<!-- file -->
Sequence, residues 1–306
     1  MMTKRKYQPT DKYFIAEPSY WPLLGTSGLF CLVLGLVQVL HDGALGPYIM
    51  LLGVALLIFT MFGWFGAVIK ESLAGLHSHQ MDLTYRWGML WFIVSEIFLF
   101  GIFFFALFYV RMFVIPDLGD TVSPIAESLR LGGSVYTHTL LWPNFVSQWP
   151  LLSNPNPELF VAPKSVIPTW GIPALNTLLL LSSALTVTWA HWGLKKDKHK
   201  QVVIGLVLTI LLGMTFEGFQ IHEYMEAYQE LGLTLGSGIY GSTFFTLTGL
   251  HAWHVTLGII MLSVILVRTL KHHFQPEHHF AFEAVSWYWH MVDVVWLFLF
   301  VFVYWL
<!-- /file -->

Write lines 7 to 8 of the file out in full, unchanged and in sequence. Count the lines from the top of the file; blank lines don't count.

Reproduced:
   251  HAWHVTLGII MLSVILVRTL KHHFQPEHHF AFEAVSWYWH MVDVVWLFLF
   301  VFVYWL